[For those of you who are planning on deploying engineering virtual organizations, national platforms or large sensor and instruments networks this might be a useful workshop. Here are some additional pointers on instruments for the grid for those who may be interested. Thanks to Herve Guy for this pointer --BSA]
Grid enabled instruments middleware
NSF Engineering Virtual Organizations http://www.nsf.gov/pubs/2007/nsf07558/nsf07558.htm
CANARIE's Network Enabled Platforms Workshop http://www.canarie.ca/conferences/platforms/index.html
Second International Workshop on Scientific Instruments and
Sensors on the Grid
Held in conjunction with ISSNIP 2007
December 3-6, 2007 http://www.issnip.org/2007/
Grids for computation and storage are mature and are key components of e-Science. Data for supporting or falsifying theories comes from experiments that involve making observations with real instruments and sensors and from simulation (in silico experiments). Efforts are currently underway to integrate instruments and sensors with computing and storage Grids to create a complete fabric for conducting e-Science, from observation to publication. The aim of this workshop is to explore the integration of instruments and sensors into computing and storage grids.
Grid-enabling instruments and sensors encompasses themes of remote access by humans and software agents, expanded availability of instruments by a broader possibly non-traditional audience, integration of instruments into software-driven analytical processes and workflows, and infrastructure for autonomic event detection and response on many scales and in many settings.
As Grids co-evolve with Web 2.0 technologies, SOA and existing Grid approaches need to be re-thought. This presents special challenges and opportunities for instruments and sensor Grids.
Many benefits accrue from sensors and instruments as grid actors. Utilization and throughput of existing facilities may be improved through remote access. Instruments can be elements in an experimental workflow involving planning, observing, analysing, discovering and publishing, and sensing and computing are brought closer together to support the coupling of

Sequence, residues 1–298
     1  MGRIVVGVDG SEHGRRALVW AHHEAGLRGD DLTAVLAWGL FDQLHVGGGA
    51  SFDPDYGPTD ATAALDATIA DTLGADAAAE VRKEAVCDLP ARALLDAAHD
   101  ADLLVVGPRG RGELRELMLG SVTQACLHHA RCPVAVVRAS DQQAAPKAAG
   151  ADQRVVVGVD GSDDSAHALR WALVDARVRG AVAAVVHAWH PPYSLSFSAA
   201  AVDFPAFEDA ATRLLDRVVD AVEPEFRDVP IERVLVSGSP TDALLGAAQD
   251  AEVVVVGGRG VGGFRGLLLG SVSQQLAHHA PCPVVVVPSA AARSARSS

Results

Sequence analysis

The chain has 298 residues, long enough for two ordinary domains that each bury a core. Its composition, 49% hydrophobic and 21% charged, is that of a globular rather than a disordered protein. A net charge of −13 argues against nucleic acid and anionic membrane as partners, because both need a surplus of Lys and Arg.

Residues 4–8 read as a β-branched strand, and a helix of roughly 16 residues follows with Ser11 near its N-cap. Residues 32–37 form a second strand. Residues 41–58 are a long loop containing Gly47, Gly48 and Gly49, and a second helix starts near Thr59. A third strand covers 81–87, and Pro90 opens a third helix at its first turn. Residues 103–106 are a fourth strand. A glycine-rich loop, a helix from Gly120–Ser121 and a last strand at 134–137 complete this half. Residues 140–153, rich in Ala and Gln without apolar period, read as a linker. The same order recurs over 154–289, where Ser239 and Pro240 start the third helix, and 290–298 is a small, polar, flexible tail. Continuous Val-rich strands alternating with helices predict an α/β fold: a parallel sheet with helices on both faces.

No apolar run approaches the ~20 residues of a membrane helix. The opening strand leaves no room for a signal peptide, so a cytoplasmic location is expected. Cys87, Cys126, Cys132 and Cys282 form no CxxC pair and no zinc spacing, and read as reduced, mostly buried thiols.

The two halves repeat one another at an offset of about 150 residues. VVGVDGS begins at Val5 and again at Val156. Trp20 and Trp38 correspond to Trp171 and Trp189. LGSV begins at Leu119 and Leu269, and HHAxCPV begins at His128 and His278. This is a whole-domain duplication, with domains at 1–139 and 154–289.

simulation and observation in real-time (e.g. nowcasting in environmental and earth sciences and structural testing in civil engineering.) In these applications the sensor network can evolve with the model supporting rapid testing and modification of theories and optimised parameterisation of models.
Beyond these high level benefits, some more mundane ones include the possibility of automatically acquiring high grade, detailed metadata with observations that can be used to diagnose problems in the instrument or experiment. High quality metadata also extends the usefulness of data, increasing the possibility of re-use in some later study. Investments in instrumentation can be made more efficiently knowing that research infrastructure could be universally accessible to the community, and that one aspect of return on investment, duty cycle or utilization, can be easily measured.
This workshop will address these issues and challenges, as they encompass both real and virtual instruments and sensors. We are soliciting papers on topics including, but not limited to, the following:
* Integration of instruments and sensors into Grids
* Protocols and service models for Grid-enabled instruments and sensors
* The role of Web 2.0 technologies and APIs in instrument-driven science
* A discussion or survey of extant models from Defence or industry that may be useful in developing a reusable approach to Grid-enabling sensor and instruments for e-Science
* Interoperability and compatibility of Grid-enabled instrumentation and applications
* Representation and control of instruments and sensors including safety issues
* Remote access to instrumentation and sensors
* Virtual organization and security issues
* Data management and metadata issues related to real-time data sources
* Social, administrative, and financial issues of Grid-enabled instruments and sensors
* Agent-based and autonomic computing for instrument and sensor networks
Donald F. McMullen, Indiana University
Kenneth Chiu, State University of New York (SUNY) at Binghamton, USA Simon Coles, University of Southampton, UK
Geoffrey Fox, Indiana University, USA
Jeremey Frey, University of Southampton, UK
Fang-Pang Lin, National Center for High-Performance Computing, Taiwan Marlon Pierce, Indiana University, USA Peter Turner, University of Sydney, Australia